re.ti.ro [ʀəˈtiru] – re·treat [ri-ˈtrēt] (noun)
1. A place of privacy or safety; refuge
2. A period of group withdrawal for prayer, meditation, study, or instruction under a director
A former member of Madredeus, Portugal’s internationally successful acoustic ensemble, Rodrigo Leão has become a contemporary composer intent on exploring all facets of music-making. Having collaborated with kindred spirits Ólafur Arnólds, Ryuichi Sakamoto or Ludovico Einaudi and developed a style that takes its cues from what can be called “modern classical” or “contemporary classical”, Rodrigo is now ready for the next step in his career.
The new album is called “O Retiro” – “The Refuge” – and yet it poured out of his inspiration when he was never more in demand in a 30-year career. Therein, however, resides one of the greatest mysteries of creativity: why today, why now, why this way? There’s no good answer. It just is, the way it is.
If you know Rodrigo’s previous work you will immediately recognise his unmistakable melodic inspiration, if you don’t you will find yourself enraptured by his control of mood and melody. But, regardless of where you stand on his previous work, but you will also find something defiantly new in this album.
An orchestral project recorded with Lisbon’s Gulbenkian Orchestra and Choir, “O Retiro” is a synthesis of his three decades working as a composer and performer. His first album recorded for Universal Music, released under the prestigious Deutsche Grammophon label in Portugal and Spain, it’s also a piece that uses his experience as a springboard for higher, further flights, reorganizing his influences in new and surprising ways.
No wonder, since Rodrigo has evolved from a rock musician inspired by the British post-New Wave bands of the early 1980s. “O Retiro” is the logical continuation of all that has come before: Madredeus and their collaboration with acclaimed director Wim Wenders; Rodrigo’s initial solo work, that led Pedro Almodóvar to call him one of the most inspired contemporary composers; collaborations with acclaimed singers and songwriters like Beth Gibbons, Joan Wasser (Joan as Policewoman), Stuart Staples (Tindersticks), Neil Hannon (Divine Comedy); film and TV soundtracks, of which the best known has been Lee Daniels’ “The Butler”; sound crafting for multimedia installations; collaborations; even an album of experimental electronica.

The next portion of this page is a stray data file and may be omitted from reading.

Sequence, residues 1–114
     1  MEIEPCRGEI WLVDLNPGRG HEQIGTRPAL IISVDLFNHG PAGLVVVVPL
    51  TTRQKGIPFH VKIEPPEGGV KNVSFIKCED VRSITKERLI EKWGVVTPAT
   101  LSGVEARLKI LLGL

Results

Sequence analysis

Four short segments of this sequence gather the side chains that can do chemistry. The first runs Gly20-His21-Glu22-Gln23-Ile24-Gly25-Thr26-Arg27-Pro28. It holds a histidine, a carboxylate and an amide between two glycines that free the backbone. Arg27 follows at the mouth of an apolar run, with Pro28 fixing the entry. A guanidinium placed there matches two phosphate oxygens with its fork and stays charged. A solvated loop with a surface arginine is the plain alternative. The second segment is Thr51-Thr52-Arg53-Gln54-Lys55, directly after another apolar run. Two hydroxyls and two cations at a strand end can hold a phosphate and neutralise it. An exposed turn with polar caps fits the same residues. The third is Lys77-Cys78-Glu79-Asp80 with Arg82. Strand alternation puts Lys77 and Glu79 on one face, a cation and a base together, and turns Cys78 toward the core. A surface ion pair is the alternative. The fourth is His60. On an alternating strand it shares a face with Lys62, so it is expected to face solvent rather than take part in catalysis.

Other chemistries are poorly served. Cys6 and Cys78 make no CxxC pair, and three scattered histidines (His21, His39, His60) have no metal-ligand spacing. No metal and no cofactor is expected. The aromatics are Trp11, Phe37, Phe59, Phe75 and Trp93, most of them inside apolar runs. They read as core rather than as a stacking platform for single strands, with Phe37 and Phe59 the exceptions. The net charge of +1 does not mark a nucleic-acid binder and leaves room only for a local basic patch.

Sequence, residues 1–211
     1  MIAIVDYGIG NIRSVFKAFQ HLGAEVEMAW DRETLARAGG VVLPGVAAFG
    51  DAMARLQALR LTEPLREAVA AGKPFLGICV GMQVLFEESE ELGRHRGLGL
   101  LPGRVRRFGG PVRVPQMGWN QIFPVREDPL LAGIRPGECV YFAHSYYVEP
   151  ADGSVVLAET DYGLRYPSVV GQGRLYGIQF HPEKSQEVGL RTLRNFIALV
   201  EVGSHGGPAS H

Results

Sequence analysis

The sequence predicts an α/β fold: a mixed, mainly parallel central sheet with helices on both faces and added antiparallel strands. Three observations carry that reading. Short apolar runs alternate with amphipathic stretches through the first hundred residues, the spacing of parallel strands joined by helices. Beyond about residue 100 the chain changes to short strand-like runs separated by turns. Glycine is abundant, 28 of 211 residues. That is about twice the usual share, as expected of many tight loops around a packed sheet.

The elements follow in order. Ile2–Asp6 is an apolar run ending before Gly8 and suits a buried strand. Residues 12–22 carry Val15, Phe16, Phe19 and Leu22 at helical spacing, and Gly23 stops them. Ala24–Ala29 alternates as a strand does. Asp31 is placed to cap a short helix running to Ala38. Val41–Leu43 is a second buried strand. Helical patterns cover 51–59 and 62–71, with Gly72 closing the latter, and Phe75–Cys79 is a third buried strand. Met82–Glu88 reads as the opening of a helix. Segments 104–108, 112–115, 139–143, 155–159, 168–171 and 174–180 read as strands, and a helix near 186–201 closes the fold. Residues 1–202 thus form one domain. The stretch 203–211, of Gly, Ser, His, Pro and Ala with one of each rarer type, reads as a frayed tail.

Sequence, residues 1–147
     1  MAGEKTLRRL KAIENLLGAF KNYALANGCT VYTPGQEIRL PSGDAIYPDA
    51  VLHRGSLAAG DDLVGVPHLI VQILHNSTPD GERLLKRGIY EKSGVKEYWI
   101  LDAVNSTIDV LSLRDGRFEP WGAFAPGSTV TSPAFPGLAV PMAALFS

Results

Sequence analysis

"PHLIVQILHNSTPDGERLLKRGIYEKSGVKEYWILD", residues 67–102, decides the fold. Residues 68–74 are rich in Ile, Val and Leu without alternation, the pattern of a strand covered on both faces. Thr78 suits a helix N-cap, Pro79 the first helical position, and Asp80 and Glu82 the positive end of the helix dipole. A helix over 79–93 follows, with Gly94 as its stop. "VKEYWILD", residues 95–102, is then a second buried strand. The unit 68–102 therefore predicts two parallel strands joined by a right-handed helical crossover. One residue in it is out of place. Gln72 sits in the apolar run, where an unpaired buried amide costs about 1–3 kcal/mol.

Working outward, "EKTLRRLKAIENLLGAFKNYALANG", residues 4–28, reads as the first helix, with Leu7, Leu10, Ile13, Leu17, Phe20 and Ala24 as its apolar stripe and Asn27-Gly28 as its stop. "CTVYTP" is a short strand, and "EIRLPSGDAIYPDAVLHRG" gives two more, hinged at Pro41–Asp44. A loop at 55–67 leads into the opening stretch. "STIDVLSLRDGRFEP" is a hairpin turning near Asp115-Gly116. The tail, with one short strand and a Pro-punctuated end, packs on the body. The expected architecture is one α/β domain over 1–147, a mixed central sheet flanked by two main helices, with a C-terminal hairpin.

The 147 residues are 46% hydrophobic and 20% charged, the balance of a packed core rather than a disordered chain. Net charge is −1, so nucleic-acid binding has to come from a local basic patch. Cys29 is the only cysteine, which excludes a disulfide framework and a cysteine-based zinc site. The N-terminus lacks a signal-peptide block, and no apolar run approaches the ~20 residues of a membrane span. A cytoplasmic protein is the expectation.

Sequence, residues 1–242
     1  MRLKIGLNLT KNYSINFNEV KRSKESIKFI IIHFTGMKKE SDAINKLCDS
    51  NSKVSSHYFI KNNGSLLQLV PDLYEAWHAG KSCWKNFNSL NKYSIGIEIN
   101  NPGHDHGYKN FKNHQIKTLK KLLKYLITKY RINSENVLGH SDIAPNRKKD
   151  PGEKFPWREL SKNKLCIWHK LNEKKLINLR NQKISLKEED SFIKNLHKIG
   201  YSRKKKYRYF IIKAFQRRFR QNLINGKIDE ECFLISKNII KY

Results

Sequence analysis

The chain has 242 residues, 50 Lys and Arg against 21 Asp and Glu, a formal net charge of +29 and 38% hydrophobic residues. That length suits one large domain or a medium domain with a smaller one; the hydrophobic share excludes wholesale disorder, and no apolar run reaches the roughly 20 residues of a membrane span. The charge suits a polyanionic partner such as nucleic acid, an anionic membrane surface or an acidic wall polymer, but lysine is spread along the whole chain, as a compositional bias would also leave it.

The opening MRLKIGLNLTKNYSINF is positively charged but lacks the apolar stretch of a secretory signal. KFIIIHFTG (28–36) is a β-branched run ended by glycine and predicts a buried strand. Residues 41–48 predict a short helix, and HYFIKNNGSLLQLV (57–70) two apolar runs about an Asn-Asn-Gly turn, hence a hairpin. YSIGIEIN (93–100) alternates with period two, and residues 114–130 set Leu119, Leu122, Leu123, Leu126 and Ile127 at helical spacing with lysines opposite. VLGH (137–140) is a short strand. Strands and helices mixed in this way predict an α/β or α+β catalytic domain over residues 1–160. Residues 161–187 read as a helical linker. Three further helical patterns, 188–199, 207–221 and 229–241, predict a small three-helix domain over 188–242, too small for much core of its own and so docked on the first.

It all comes together in “O Retiro”, an orchestral sequence of swooping moods and enveloping melodies that literally melt into one another, united by the unique music-box melodicism of Rodrigo. Only one of the 13 pieces is a proper song – “Melancolia”, voiced by Selma Uamusse – but it fits smoothly into the consistent identity of the album. Like a soundtrack to a film yet to start filming, or a story being written on the moment, “O Retiro” places Rodrigo in the rarefied company of other musicians who have diluted the borders between popular and erudite, electronic and orchestral, such as Nico Mühly, Jóhann Jóhannsson or Deutsche Grammophon labelmate Max Richter.
Extending Rodrigo’s trademark instrumentation of low-key electronics and string quartet, the Gulbenkian Orchestra and Choir, as conducted by Rui Pinheiro, create new and impressionistic backgrounds for his melodic talent. Recorded by veteran sound engineer Thomas Lehmann, the magical acoustics of Lisbon’s Gulbenkian Foundation’s main hall transform the orchestral and choral arrangements by Carlos Tony Gomes (part of Rodrigo’s regular string quartet) and Steve Bartek (returning from his work on the
Butler soundtrack), creating a protective cocoon of comfort and respite of the speed of the world around us.
Written in between Rodrigo’s many professional and performing trips, between Lisbon and the quiet little town of Avis, “O Retiro” is a moment of peace, an album of reflection and contemplation. A space laid out for all those looking to rest, relax and recharge; the latest step in a creative voyage that has led Rodrigo Leão around the world, from London’s Barbican Centre to Washington’s Kennedy Center through Paris’ Grand Rex, Barcelona’s Palau de la Musica, Istanbul’s Is Sanat or Seoul’s LG Art Center , and around all the worlds in our world. It’s now your turn to visit it.